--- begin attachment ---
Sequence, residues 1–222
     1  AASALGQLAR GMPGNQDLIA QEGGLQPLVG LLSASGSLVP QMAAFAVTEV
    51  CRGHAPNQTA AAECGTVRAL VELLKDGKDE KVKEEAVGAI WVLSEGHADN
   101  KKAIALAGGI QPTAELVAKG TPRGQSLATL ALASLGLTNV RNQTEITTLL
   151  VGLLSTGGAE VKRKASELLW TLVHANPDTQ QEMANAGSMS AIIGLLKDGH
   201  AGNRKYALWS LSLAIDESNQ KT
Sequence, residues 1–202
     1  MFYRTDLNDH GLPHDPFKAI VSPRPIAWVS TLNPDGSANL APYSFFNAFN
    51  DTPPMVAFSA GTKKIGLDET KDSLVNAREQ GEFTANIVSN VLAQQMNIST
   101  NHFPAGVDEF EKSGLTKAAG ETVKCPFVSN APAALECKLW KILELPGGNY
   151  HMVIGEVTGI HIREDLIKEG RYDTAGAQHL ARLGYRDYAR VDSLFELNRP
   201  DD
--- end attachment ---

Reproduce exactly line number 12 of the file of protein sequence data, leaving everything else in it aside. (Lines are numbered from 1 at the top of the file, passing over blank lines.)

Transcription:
   201  DD